Friday, March 30, 2018

Turnpike Troubadours In The Fast Lane


Very rarely do you come across a band whose lyrics play with your head and whose music kicks your butt.  That happened to me when I caught the Turnpike Troubadours on a recent “Austin City Limits” on PBS.

They ran me down with rollicking rockabilly music and then resuscitated me with some of the most ear catching lyrics I have heard in a long time.

The set began with with an upbeat ode to “Every Girl”  who evolved after breaks for fiddle, pedal steel and guitar solos from best girl to best friend. It begins with
She says she don’t believe in marriage
But she still believes in fate

And ends with
She’s a flighty good time buddy at the corner of the bar
But she’d fight the devil for you just for being who you are

Human emotions are the subtext of a weather report on “Tornado Warning,”
Kerosene to feed the flame
Your effect is quite the same
Shadows dancing on the wall
Waiting for the sky to fall

What hooked me for good was a moving-on love song, “Diamonds and Gasoline.”
And I would buy for you a diamond
Or myself some gasoline
If I can’t afford you darling
Then I can’t afford to dream

The small town love triangles and family dramas reminded me of the stories that John Mellencamp could whip up in three minute songs. But the Turnpike Troubadours give the tales of teenage angst the kind of sage ironic view of fortune’s ups and downs that John Prine can recall. They capture the feelings of the players while at the same time observing the chessboard they are playing on.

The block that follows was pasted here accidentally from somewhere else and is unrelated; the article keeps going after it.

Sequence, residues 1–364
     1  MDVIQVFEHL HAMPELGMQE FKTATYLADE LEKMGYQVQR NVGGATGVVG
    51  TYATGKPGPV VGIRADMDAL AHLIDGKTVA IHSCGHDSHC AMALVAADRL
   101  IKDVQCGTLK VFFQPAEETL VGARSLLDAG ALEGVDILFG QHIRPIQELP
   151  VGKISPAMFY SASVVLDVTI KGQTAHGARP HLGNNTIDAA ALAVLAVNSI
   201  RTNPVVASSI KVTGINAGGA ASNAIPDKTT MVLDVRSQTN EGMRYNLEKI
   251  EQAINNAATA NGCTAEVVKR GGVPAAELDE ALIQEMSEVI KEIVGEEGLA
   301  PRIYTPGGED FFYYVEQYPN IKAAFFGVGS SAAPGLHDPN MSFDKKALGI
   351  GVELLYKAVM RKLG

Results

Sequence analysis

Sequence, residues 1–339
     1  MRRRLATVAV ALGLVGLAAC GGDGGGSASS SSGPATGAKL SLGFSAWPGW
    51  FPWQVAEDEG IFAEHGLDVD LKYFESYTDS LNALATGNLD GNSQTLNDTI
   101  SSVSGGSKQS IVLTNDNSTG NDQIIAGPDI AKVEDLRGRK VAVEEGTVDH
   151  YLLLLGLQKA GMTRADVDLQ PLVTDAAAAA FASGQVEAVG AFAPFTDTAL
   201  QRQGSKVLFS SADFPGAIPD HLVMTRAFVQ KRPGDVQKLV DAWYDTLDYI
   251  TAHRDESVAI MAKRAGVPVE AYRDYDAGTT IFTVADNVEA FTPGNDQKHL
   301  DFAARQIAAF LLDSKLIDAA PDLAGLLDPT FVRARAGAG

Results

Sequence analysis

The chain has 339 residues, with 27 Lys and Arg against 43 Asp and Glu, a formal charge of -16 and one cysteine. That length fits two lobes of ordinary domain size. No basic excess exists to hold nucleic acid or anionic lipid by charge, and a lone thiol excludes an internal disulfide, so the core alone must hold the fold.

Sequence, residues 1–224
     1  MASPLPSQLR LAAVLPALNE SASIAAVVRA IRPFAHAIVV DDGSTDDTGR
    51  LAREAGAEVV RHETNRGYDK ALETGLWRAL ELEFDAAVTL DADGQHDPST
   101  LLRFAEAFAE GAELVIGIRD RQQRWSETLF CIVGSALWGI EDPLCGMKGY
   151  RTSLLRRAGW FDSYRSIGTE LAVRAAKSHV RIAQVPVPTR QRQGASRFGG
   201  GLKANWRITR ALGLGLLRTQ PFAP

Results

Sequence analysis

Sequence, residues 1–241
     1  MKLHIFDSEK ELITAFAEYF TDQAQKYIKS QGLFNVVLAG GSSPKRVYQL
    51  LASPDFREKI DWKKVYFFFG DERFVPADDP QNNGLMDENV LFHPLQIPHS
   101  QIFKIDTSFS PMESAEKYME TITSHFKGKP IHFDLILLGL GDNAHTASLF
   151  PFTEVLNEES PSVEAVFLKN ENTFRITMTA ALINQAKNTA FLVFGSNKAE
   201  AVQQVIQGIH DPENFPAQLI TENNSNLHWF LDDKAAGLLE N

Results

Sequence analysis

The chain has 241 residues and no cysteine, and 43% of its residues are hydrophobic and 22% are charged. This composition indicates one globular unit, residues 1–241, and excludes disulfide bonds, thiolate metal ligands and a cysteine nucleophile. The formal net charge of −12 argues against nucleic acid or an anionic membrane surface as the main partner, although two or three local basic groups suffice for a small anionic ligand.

The band is presided over by lead singer (and song writer) Evan Felker who has movie star looks, a clear voice and stolid demeanor. He seems to be the axle around whom the rest of the band spins. In an interview after the show, he and bassist R.C. Edwards talked about how their use of recurring characters was influenced by William Faulkner and Stephen King. As Edwards put it, “they create their own little universes.”

Felker, mentioned the Red Headed Stranger as an example, “Essentially what I’m after is not having to create a concept record because I just like to mess around with these stories.”

Willie Nelson has obviously been a role model for their music style, a dance hall and cowboy bar sound that is reminiscent of “Willie and Family Live.”

Their backstory is as colorful as their lyrics. They began a dozen years ago in Tahlequah, Oklahoma and have been barnstorming at the rate of 100 dates a year since then, with five studio albums to date. They are criss crossing the country this summer from Johnny’s BBQ in Salado, TX to the House of Blues in Anaheim and Zoo Montana in Billings.

It promises to be fun.

We’ll raise another round boys and have another glass
Be thankful for today, knowing it will never last
Still let’s leave the world laughing when our eulogies are read
May we all get to heaven ‘fore the devil knows we’re dead.